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2016 Issue Two

Does the Texas Franchise Tax Affect the Type of Entity You Choose?

By: Mike Peterson

The Texas Franchise Tax (Chapter 171 of the Texas Tax Code) is a tax on gross receipts and these gross receipts must exceed $1,110,000.  This is the amount for 2016 and 2017 – such number is adjusted for inflation under Section 171.0006 before franchise tax is owed.  The franchise tax applies to all  “Taxable Entities” under Section 171.0002.  Section 171.0002 does generally apply to all types of business entities, but it specifically excludes (1) sole proprietorships, (2) general partnerships owned entirely by natural persons and not otherwise protected by limited liability protections, such as limited liability partnerships, (3) passive entities, and (4) exempt entities, such as charitable non-profit corporations.  While limited partnerships used to be the favorite type of entity, that has now been replaced by limited liability companies.

What tends to get overlooked by investors is the passive entity exemption – but not without reason.  That exemption applies only to partnerships (including limited partnerships) and trusts and it only applies for any year of such partnership or trust with at least 90% of such partnership or trust’s income being passive and no more than 10% of such income being active.  Since a limited partnership costs more to form and requires two entities to give liability protection (with one entity acting as the general partner, which otherwise doesn’t have liability protection), it is hard to incur the extra expense, because of the difficulty to know in advance if the entity income will meet the 90% test.  Few entities would turn down income despite its form and the definition of passive specifically doesn’t include rents, which you would otherwise think of as passive, particularly under the Internal Revenue Code.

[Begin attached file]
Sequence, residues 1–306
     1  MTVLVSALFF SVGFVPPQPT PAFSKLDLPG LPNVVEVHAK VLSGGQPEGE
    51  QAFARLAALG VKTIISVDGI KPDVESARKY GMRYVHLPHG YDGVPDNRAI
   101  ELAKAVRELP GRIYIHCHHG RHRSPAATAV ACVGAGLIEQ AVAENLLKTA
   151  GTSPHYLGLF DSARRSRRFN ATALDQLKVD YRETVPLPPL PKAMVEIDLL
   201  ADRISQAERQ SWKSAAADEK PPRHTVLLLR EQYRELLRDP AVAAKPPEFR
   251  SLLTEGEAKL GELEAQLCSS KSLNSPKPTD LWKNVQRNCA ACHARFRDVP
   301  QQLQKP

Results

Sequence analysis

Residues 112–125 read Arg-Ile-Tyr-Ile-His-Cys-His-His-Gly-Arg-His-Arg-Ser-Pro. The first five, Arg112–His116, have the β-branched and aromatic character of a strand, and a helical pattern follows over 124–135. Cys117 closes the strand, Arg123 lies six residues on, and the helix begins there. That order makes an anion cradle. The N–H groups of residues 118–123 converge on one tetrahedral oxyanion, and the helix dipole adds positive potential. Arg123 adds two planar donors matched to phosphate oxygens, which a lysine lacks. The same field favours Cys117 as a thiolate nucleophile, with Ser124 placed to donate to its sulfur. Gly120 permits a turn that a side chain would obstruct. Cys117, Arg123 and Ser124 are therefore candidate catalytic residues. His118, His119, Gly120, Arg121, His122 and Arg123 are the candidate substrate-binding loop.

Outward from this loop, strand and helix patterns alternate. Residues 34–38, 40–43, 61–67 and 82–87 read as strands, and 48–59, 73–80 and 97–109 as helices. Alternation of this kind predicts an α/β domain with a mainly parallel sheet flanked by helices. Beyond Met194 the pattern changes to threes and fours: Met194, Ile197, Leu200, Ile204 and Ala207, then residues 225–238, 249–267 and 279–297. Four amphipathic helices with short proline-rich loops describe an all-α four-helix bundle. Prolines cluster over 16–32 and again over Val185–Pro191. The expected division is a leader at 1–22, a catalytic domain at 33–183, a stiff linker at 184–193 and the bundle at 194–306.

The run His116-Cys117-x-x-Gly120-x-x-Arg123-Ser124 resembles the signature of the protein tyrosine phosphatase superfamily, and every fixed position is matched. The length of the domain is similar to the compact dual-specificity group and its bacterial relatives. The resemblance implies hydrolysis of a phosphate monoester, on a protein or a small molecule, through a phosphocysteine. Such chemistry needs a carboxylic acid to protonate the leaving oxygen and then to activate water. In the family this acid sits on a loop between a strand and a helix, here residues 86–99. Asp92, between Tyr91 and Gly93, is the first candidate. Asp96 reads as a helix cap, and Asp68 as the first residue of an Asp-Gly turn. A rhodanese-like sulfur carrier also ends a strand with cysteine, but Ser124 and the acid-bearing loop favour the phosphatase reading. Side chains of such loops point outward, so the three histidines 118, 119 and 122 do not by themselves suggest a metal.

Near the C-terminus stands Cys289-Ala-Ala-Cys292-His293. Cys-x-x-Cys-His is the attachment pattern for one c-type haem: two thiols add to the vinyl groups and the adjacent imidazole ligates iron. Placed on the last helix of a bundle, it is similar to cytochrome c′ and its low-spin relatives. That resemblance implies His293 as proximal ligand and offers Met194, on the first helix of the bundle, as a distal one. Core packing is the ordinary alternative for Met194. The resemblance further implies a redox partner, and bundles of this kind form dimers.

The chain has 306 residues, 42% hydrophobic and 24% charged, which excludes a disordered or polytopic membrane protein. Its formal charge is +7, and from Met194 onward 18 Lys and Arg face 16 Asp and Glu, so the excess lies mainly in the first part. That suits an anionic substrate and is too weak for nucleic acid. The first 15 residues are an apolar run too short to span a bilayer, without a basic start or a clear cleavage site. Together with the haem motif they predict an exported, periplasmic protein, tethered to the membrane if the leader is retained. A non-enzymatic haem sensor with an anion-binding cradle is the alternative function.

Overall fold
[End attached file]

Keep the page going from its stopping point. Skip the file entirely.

Passive income is defined under Section 171.0003 as:

A)  dividends, interest, foreign currency exchange gain, periodic and nonperiodic payments with respect to notional principal contracts, option premiums, cash settlement or termination payments with respect to a financial instrument, and income from a limited liability company;

(B)  distributive shares of partnership income to the extent that those distributive shares of income are greater than zero;

(C)  capital gains from the sale of real property, gains from the sale of commodities traded on a commodities exchange, and gains from the sale of securities; and

(D)  royalties, bonuses, or delay rental income from mineral properties and income from other nonoperating mineral interests.

So there are some planning opportunities available to investors, particularly those investing in stocks and bonds, undeveloped land, or non-operating mineral interests where it is unlikely that the type of investment will change.  The ownership of rental property or operating and non-operating mineral interests or mixes of investments involving some active type, makes it much harder to predict whether or not in any particular year an investor will be able to avoid franchise tax.  But where an investor can separate the types of investments, and maintain that separation, it may be worthwhile to put passive assets in a limited partnership for liability protection or family asset protection, or even to discount the value of partnership interests in the event of a gift or transfer at death.  Of course, small investments will not matter anyway, as the $1,110,000 threshold will likely not be met – but small investments held for a long period could jump over that threshold in the year of sale, so give future value appropriate consideration when deciding on the type of entity to use.

The above rules apply generally to individuals, but you may want to discuss these issues with your tax advisor before proceeding.  Certain activities or relationships can turn passive income into active, so an active business can’t drop down its patents and trademarks into a limited partnership and avoid franchise tax on the otherwise passive royalty income from those patents and trademarks.  Similarly, an operating mineral interest holder can’t create passive income from a non-operating interest in the same operating property, if the non-operating interest is held by an affiliate of the operator.